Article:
Psalm 66:1-12 – A beautiful hymn of praise to the Creator of the Universe, unparalleled in power and majesty, and therefore the most worthy of our praise for all his wondrous actions from creation down through today. The psalmist recounts God’s care for his people in leading them out of slavery in Egypt and across the Red Sea in safety. Later, they crossed over the Jordan River again by God’s miraculous provision, to take possession of the Land promised to their ancestor, Abraham. God is the provider and protector of his people. In him they have confidence and hope for each day, knowing that nothing can separate them from his watchful eye. That watch both ensures their eternal well-being, and stands as a warning to any who would exalt themselves against either God or his people. This does not mean that God’s people will never suffer. God himself disciplines his people at times, but always with their end good in mind. And as God’s people have gone through times of trial, God has been with them and ultimately delivered them, all to his glory and praise.

Philippians 1:2-11 – Paul gives thanks for the church at Philippi, and their faithfulness in working to share the Gospel with and through Paul, likely through supporting his missionary journeys financially. But while Paul appreciates who they are now, he knows that who they will one day be is even more impressive and worthy of praise to God. By the grace of God in Jesus Christ, what has started as the life of faith in them will one day result in their perfection when Jesus returns. They have been steadfast in their support and encouragement of Paul, and he longs to be with them again. But more importantly they remain in his prayers. Who they are is commendable, but there is always room for growth, for learning, for maturation, for deeper responses of faith. He prays that their love will continue to grow in discernment and knowledge, so that they might know better and better how to love better and better. All of this in preparation for the day of the Lord’s return, when they will declared pure and righteous in Jesus Christ, all to the glory and praise of God the Father (rather than the Philippians, since who they are and what they will one day be is entirely the work of God, rather than their own).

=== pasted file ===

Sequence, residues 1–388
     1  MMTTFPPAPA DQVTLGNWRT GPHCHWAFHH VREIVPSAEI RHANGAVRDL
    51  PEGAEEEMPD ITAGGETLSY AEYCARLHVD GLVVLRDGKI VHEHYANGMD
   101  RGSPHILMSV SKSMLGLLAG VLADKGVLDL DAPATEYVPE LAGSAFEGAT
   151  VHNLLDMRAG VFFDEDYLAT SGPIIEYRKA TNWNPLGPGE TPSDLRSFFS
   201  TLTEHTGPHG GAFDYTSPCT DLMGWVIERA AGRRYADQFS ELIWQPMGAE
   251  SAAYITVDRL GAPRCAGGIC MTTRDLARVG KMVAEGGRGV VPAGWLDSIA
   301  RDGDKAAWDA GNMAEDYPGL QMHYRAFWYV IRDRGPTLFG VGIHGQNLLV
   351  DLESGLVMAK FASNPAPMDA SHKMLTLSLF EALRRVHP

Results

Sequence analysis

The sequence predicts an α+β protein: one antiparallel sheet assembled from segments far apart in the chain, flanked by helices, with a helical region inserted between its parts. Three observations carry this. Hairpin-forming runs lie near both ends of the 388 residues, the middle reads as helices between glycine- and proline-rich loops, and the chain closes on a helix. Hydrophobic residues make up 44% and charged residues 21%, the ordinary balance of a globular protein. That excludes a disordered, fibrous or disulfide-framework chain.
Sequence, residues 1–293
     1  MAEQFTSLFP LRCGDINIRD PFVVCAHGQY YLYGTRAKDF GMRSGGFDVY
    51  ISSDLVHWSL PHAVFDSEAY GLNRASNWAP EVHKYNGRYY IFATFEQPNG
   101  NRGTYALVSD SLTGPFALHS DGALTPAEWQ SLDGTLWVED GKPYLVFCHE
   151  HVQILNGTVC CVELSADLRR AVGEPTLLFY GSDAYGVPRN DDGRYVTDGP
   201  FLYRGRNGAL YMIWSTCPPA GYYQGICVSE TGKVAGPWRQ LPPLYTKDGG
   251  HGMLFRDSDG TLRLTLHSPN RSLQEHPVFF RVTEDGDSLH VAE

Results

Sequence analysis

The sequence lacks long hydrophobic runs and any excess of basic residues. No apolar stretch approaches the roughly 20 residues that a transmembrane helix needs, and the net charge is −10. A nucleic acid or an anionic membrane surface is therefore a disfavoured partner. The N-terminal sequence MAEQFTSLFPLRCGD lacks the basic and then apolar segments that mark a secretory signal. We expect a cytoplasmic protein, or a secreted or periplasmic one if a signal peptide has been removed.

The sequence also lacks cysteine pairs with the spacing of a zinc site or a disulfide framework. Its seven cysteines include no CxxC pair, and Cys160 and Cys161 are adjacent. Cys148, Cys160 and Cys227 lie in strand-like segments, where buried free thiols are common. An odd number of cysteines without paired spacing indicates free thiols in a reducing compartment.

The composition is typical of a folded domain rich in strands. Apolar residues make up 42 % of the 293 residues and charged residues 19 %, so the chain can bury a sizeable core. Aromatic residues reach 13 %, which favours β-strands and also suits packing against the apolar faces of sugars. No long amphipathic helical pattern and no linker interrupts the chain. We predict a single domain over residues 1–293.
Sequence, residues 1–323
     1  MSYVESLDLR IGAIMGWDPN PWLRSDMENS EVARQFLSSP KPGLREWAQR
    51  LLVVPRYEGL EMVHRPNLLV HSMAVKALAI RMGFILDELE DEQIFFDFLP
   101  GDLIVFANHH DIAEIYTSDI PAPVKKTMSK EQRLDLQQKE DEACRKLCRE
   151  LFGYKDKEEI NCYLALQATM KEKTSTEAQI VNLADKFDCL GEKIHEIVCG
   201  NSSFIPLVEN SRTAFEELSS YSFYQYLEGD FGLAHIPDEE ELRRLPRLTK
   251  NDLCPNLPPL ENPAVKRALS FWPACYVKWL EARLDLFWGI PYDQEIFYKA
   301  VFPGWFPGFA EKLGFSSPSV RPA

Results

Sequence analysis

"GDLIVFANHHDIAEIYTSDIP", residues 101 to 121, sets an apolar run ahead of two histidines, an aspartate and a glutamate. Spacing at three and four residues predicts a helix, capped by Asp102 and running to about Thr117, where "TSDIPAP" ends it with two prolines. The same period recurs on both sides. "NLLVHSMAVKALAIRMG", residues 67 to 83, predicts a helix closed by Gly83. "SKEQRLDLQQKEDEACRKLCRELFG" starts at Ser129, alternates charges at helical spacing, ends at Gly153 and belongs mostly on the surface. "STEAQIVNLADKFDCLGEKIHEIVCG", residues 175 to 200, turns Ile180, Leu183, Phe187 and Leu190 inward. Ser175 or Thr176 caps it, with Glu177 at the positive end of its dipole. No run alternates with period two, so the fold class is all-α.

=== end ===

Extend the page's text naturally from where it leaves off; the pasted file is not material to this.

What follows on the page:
Luke 3:1-17 – We skip over the birth narrative in Luke’s Gospel in order to deal with Malachi’s messenger, John the Baptist. Luke, who is not one of Jesus’ 12 disciples but rather has compiled the accounts of Jesus’ life (1:1-4) deals with the other major religious figure of Jesus’ day. It is possible that John the Baptist remains a person with a cultic following even after his death, and despite his repeated efforts to direct his disciples to Jesus. Given John’s explicit handling of the role and identity of John the Baptist in his Gospel, written many years after Luke’s, it is reasonable to think that Luke may be attempting to clarify the situation as well in his day. John the Baptist is the messenger, not the Lord’s coming servant. His purpose is preparatory. Note Luke’s detail – dates, names, and locations all accounted for. John the Baptist becomes a popular figure due to his prophetic message, but it’s hardly a message of comfort! He demands greater piety as well as repentance from his hearers, denying any the false comfort of thinking that somehow they are already adequately pleasing or obedient to God. This naturally leads to questions about John’s authority and he quickly deflects musings that he himself is the Messiah. He is the messenger, preparing the people of God for the arrival of their savior. John baptizes with water, but the one who follows him will baptize not only with water but with the very fire of the Holy Spirit of God, likely reference to Pentecost to come.

We also today should heed the Baptist’s message. Though our salvation is in Christ, our lives are a continual maturation in the faith by the power and wisdom of the Holy Spirit, which will lead to a growing purity and holiness of living. We are not to take sanctification lightly – it is a natural outgrowth of the work of the indwelling Holy Spirit of God, and if we do not see the fruits of his work there should be cause to question the nature of our faith. Yet we are always to ground our faith not in our works of charity or our increasing love of neighbor, but only and always in the singular work of the Good Shepherd who lays his life down for the sheep, and takes it up again (John 10). We have no reason to boast except in Christ! We must emulate the Baptist by not appropriating for ourselves a glory that does not belong to us, but to the God who created, redeemed and sanctifies us.